The modular design puts players in control of the pedal spacing. I fiddled with it and found it simple enough to modify, with the heelrest acting as the base. A set of metal rods with plastic spacers also ensure there’s no play in the pedals under heavy use. Fanatec states you can even mount each pedal individually, and we have no reason to doubt the claim.

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That middle pedal is the game-changer. Note the just-visible foam insert.

The Loadcell Brake kit is a whole other monster. Shifting the existing brake pedal over to clutch duty, the single pedal is $130 USD. While that may sound pricey in isolation, Fanatec will sell the combo for $200 USD (shaving a useful tenner off compared to buying individually).

The LC relies on brake pedal pressure, just like a real car. The kit ships with four different collections of elastomer springs, all with unique hardness ratings. Out of the box, my pedal ran the 65 (18.66kg) springs, which occupies the lower end of the spectrum (45 = 9.75kg; 85 = 40kg; 95 = 90kg).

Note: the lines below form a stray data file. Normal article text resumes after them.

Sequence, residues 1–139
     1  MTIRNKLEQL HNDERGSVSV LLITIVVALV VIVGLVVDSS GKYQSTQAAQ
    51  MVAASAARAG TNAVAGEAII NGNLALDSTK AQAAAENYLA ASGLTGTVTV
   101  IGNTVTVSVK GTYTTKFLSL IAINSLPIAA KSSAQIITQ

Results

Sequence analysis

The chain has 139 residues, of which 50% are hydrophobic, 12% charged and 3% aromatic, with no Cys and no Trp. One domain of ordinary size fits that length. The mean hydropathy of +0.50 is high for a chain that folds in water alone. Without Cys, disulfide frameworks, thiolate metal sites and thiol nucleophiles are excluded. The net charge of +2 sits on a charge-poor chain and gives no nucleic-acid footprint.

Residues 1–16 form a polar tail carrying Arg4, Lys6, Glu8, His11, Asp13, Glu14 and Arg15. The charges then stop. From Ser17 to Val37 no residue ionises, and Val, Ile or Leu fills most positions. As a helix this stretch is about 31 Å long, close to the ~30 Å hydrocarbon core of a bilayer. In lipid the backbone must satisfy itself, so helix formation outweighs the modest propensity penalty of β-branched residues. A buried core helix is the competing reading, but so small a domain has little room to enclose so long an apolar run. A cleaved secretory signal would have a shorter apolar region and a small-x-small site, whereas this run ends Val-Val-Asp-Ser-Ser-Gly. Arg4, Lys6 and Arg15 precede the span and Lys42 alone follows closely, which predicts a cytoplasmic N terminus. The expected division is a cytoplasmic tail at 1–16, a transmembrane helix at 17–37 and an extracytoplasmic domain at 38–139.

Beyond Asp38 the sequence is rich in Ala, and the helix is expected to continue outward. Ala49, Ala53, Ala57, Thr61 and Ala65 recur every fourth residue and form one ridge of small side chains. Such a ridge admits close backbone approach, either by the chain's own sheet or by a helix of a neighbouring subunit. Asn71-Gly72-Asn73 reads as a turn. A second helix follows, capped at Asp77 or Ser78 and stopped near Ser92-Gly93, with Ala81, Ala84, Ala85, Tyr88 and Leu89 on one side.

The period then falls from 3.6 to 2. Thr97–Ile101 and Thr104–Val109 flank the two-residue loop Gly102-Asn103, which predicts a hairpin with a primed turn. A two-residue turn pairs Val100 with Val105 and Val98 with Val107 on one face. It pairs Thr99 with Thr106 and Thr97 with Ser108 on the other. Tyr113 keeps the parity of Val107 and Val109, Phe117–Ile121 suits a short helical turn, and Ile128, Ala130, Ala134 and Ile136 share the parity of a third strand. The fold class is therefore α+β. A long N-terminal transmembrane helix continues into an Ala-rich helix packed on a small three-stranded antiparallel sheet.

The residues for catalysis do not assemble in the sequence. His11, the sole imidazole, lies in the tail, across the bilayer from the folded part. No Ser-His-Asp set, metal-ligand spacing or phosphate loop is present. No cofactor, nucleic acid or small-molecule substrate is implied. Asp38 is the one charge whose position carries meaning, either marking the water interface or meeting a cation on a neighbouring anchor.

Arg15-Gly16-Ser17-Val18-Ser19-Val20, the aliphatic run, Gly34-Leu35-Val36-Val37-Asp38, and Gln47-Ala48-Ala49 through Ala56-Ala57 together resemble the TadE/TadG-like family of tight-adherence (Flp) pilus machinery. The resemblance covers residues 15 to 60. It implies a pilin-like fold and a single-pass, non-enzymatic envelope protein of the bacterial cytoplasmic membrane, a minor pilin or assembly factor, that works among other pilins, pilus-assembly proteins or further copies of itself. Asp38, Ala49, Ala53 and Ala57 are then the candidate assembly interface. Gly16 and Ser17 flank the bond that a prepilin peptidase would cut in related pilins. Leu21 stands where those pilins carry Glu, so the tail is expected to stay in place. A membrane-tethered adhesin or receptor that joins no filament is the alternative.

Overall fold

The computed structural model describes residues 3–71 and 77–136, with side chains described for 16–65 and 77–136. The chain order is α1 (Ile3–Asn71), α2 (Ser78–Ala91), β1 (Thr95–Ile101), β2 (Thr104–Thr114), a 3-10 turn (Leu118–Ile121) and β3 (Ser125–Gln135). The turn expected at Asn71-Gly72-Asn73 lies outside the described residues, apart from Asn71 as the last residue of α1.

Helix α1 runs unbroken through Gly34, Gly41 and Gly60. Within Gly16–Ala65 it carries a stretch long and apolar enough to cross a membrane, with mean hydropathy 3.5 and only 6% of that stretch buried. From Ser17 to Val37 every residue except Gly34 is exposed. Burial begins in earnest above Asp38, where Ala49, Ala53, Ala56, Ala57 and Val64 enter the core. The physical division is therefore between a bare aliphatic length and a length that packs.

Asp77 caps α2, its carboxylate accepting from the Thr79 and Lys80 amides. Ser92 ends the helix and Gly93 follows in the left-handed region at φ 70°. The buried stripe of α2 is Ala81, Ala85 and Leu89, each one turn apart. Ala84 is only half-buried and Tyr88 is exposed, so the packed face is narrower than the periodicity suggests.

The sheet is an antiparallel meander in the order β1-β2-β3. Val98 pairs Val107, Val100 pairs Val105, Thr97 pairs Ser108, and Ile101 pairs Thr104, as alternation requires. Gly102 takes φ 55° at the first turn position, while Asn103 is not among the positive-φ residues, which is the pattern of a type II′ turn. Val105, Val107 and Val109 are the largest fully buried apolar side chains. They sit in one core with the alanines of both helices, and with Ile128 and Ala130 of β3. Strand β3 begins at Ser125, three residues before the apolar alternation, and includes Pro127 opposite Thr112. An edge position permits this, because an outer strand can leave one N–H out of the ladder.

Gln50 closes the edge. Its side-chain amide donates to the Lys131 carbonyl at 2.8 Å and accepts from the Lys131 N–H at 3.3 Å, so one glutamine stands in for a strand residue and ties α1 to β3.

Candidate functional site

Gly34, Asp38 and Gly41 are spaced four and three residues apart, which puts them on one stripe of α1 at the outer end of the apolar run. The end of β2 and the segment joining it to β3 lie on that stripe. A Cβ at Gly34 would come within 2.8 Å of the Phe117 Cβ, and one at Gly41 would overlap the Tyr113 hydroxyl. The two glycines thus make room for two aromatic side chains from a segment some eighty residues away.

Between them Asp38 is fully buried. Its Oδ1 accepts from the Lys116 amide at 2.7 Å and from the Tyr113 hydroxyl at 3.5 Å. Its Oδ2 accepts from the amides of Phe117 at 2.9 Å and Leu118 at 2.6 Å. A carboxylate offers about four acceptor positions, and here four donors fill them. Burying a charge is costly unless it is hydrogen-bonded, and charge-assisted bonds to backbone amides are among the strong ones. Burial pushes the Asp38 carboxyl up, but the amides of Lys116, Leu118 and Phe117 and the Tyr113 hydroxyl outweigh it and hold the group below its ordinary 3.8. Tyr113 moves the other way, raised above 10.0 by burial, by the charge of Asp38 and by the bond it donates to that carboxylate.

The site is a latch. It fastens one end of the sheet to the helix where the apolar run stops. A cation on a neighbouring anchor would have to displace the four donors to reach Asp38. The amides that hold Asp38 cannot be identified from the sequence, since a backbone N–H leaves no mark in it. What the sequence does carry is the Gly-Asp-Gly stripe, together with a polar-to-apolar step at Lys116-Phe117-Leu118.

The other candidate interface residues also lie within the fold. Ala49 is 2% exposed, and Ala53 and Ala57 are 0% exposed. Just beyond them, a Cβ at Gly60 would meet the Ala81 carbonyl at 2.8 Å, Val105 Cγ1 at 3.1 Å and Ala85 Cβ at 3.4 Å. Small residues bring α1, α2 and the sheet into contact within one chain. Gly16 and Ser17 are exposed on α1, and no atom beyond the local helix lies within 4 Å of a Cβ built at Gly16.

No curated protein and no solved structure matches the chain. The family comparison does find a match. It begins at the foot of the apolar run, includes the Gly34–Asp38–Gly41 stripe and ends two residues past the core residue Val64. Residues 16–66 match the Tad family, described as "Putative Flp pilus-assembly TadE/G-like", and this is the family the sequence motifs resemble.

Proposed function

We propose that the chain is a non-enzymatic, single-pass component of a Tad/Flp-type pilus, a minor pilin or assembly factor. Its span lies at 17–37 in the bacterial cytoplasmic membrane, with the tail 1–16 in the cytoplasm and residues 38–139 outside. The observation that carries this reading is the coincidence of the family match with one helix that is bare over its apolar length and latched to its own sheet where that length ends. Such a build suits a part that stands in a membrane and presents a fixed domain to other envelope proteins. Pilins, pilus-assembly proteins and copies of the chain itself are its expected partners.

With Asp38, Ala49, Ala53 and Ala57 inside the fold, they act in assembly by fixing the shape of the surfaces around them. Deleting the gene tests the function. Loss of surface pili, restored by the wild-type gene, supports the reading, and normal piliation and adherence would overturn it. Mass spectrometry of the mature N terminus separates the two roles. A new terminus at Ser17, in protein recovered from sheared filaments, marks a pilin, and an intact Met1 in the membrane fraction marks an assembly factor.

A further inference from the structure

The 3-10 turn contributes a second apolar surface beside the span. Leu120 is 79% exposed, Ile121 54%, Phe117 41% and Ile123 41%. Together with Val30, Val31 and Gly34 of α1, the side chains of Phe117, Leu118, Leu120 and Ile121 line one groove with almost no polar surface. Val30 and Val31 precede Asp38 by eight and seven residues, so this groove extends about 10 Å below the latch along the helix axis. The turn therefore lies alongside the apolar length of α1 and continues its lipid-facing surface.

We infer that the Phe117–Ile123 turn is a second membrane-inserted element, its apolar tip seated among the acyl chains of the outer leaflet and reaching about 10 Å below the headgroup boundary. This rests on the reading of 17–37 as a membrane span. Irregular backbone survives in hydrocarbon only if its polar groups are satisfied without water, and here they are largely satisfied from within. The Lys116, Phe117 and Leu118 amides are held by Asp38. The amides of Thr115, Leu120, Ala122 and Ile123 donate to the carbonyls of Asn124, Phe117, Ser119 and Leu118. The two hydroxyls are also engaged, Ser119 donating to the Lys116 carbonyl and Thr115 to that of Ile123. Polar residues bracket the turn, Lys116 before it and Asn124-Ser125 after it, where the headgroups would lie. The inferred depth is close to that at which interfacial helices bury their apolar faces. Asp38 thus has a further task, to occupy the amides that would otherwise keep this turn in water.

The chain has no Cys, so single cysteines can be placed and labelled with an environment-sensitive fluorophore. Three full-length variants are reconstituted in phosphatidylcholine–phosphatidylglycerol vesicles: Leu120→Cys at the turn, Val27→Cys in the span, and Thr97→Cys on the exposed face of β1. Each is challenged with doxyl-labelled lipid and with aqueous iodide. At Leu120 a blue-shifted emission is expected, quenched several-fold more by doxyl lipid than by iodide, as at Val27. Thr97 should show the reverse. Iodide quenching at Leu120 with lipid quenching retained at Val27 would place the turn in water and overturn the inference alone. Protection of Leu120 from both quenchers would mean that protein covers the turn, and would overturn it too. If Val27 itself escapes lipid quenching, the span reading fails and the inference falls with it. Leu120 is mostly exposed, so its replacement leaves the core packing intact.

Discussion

The brilliant part of this is the simplicity: swapping out the springs is a tool-less affair. The pedal has room for six springs, letting players mix and match with different combinations to find the perfect level of resistance. I stuck with the default set of five 65’s plus the one polyurethane foam piece. It could be because I had started with that setup, so felt the most familiar with it. It could also be because I drive cars with comparatively marshmallowy brake pedals. The jury’s still out.

One thing for the hardcore amongst you to keep in mind: the wide heelrest could make cockpit mounting difficult. We couldn’t try that out for ourselves — we would’ve if we could’ve.